Ground Loops in Greenville, Ohio, Geothermal Applications

It’s time for you to get a new heating and cooling system. Maybe you’re weighing the advantages of a new Geothermal HVAC. If so, you probably want to know a little more about how such a system works.

Geothermal HVACs take consistent temperature from the ground to deliver hot or cool air to your home’s interior. This is possible because of an underground system called a geothermal ground loop.

Ground loops are basically just a series of pipes buried in the earth. Various basic sorts of geothermal loop systems are used for heating and cooling most residential and commercial buildings.

Antifreeze fluid travels through plastic pipes to get heat effectively and efficiently up to a heat pump in your home.

There are four different kinds of geothermal ground loops: Open Loop, Pond Loop, Horizontal Loop and Vertical Loop. These fall into one of two different categories: either they’re open loop systems or closed loop systems. The best system for your house is dependent on the specific building and the property on which it sits. Residential systems usually use vertical or horizontal loops.

Below are further explanations of each sort of ground loop.

Closed systems, which include vertical, horizontal, and pond loops, continuously circulate water through them.

Vertical ground loops are used typically in residences because, unlike horizontal loops, they don’t take up much of space. They’re positioned by drilling small-diameter holes in the ground to a depth of 100-400 feet. Then pipes are driven into the holes and connected below ground to form the vertical loop. Next, extra pipes are attached that channel fluid to the indoor system to transfer the necessary temperature from the ground.

A horizontal system takes up a lot more space but typically doesn’t cost as much because it uses only 2 straight pipes inserted 6 inches in the ground within an area of ¼ to ¾ acre.

If you’re partial to a pond loop system, you plainly must be close to a pond, lake, pond, or well. Coils are installed vertically and affixed to the bottom of the water source. Water is then conveyed through more pipes underground to a pump, where the heat is extracted and cool water is put back into the pond. However, in order for this system to work, the water can in no way be be acidic or else pipes will corrode and filters will need to be replaced often.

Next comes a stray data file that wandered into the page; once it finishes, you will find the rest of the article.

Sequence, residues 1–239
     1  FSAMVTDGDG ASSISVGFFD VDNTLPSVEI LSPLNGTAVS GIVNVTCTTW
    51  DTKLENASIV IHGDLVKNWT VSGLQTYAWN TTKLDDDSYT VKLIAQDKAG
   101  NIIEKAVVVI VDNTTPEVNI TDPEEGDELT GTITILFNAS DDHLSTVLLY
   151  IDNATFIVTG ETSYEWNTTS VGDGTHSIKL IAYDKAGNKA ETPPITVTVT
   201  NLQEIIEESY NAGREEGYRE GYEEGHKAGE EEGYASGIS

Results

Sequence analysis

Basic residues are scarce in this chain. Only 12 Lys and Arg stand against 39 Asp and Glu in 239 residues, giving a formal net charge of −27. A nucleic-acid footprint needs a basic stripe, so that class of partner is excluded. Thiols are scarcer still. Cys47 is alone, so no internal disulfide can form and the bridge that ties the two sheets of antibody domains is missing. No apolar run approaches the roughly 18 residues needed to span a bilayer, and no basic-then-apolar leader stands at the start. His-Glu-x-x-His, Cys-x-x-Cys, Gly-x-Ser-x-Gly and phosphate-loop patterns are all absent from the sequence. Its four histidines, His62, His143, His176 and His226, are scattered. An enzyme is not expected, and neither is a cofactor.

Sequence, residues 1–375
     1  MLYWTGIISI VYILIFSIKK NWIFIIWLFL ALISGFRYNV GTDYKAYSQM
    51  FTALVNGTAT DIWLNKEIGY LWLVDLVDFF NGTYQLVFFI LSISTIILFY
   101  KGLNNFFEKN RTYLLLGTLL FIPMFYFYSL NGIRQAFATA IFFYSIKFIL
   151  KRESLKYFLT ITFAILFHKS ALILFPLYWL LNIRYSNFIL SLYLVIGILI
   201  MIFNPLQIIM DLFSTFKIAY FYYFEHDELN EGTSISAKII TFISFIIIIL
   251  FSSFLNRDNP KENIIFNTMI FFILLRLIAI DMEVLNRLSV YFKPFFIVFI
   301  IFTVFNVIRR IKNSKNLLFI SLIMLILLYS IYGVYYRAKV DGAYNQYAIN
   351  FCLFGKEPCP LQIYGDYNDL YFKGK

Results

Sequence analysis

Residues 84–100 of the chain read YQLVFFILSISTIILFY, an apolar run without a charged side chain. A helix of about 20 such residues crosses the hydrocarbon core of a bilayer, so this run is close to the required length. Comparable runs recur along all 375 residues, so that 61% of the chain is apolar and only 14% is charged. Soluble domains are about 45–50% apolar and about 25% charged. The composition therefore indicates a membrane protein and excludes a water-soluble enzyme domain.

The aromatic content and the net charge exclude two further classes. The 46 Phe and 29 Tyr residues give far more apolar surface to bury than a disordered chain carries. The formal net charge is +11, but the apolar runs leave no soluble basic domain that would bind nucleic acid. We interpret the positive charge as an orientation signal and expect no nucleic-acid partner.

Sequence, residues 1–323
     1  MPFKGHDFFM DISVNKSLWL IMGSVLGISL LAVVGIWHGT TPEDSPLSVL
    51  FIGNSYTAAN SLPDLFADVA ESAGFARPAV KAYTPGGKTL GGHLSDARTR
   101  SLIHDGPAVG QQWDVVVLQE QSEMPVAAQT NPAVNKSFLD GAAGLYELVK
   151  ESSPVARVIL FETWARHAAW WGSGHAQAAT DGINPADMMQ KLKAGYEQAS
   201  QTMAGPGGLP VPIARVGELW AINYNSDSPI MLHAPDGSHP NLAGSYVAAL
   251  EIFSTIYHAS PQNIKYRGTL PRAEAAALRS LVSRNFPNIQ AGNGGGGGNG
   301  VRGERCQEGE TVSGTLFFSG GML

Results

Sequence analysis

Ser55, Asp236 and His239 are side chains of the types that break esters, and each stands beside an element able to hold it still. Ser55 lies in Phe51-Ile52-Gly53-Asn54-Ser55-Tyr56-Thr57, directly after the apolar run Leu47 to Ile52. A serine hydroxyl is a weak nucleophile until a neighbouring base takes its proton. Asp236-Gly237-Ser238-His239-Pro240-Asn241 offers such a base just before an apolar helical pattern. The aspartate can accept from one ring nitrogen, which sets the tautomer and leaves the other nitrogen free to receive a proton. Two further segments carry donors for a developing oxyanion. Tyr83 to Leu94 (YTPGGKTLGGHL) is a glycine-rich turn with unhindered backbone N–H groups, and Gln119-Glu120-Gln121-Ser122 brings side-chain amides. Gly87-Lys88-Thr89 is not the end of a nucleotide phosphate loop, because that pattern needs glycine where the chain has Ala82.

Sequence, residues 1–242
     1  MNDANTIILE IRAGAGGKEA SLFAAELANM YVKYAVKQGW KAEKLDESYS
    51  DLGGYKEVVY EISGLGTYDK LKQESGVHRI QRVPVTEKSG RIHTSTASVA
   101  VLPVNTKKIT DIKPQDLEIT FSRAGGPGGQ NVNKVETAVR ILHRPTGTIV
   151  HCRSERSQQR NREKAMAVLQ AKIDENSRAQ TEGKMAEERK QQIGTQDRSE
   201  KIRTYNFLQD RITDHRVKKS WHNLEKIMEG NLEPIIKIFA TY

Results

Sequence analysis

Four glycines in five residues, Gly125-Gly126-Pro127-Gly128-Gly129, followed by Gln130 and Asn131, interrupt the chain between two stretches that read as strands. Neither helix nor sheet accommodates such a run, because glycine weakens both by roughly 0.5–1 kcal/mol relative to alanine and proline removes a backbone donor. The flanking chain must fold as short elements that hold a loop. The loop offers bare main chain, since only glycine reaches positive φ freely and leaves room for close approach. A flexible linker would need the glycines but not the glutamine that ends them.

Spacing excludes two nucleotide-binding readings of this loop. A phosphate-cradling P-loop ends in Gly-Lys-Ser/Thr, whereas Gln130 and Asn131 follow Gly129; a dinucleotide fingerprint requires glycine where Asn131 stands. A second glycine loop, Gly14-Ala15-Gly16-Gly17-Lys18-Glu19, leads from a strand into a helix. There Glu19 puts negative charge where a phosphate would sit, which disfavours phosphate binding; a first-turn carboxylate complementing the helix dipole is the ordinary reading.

The major difference between open and closed looped systems is the open loop’s need for an ample source of groundwater, like a well or pond. From there, it directly pumps water into the heat pump unit for use in heating and cooling your dwelling or other structure.

There are two ways to dispose of used water: through surface drainage or water re-injection. In returning the water back to the earth, it’s worth noting that there’s no pollution. The only difference in water that’s processed through a geothermal heat pump is a slight change in temperature.

Before you install an open loop system, it is critical to know whether a well or pond has enough water to power your geothermal heat pump, and that it won’t use up a neighbor’s well source. Make certain you check with your local contractor on whether there’s enough water in the vicinity to go ahead with installing an open loop geothermal heating system.